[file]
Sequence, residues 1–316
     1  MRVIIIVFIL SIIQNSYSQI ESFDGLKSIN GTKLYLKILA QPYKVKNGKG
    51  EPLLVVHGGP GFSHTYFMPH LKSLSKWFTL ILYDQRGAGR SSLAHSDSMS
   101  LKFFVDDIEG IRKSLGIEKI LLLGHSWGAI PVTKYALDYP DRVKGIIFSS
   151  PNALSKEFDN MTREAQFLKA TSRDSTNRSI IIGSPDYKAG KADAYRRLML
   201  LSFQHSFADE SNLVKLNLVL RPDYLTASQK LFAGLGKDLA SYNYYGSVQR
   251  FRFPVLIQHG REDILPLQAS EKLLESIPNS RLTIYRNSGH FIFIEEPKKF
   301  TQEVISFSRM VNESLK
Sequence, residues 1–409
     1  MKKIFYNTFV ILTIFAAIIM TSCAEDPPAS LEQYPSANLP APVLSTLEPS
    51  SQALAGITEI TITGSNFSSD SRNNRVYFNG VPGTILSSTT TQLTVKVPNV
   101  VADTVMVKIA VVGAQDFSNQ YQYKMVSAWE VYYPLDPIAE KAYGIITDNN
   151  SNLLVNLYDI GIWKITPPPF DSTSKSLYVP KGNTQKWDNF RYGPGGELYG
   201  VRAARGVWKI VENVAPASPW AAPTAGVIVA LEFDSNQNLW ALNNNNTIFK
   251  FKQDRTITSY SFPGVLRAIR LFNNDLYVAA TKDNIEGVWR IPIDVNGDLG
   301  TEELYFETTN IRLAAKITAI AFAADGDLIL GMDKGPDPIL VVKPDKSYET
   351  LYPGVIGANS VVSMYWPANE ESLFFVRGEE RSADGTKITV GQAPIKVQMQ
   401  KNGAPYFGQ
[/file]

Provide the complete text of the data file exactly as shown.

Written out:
Sequence, residues 1–316
     1  MRVIIIVFIL SIIQNSYSQI ESFDGLKSIN GTKLYLKILA QPYKVKNGKG
    51  EPLLVVHGGP GFSHTYFMPH LKSLSKWFTL ILYDQRGAGR SSLAHSDSMS
   101  LKFFVDDIEG IRKSLGIEKI LLLGHSWGAI PVTKYALDYP DRVKGIIFSS
   151  PNALSKEFDN MTREAQFLKA TSRDSTNRSI IIGSPDYKAG KADAYRRLML
   201  LSFQHSFADE SNLVKLNLVL RPDYLTASQK LFAGLGKDLA SYNYYGSVQR
   251  FRFPVLIQHG REDILPLQAS EKLLESIPNS RLTIYRNSGH FIFIEEPKKF
   301  TQEVISFSRM VNESLK
Sequence, residues 1–409
     1  MKKIFYNTFV ILTIFAAIIM TSCAEDPPAS LEQYPSANLP APVLSTLEPS
    51  SQALAGITEI TITGSNFSSD SRNNRVYFNG VPGTILSSTT TQLTVKVPNV
   101  VADTVMVKIA VVGAQDFSNQ YQYKMVSAWE VYYPLDPIAE KAYGIITDNN
   151  SNLLVNLYDI GIWKITPPPF DSTSKSLYVP KGNTQKWDNF RYGPGGELYG
   201  VRAARGVWKI VENVAPASPW AAPTAGVIVA LEFDSNQNLW ALNNNNTIFK
   251  FKQDRTITSY SFPGVLRAIR LFNNDLYVAA TKDNIEGVWR IPIDVNGDLG
   301  TEELYFETTN IRLAAKITAI AFAADGDLIL GMDKGPDPIL VVKPDKSYET
   351  LYPGVIGANS VVSMYWPANE ESLFFVRGEE RSADGTKITV GQAPIKVQMQ
   401  KNGAPYFGQ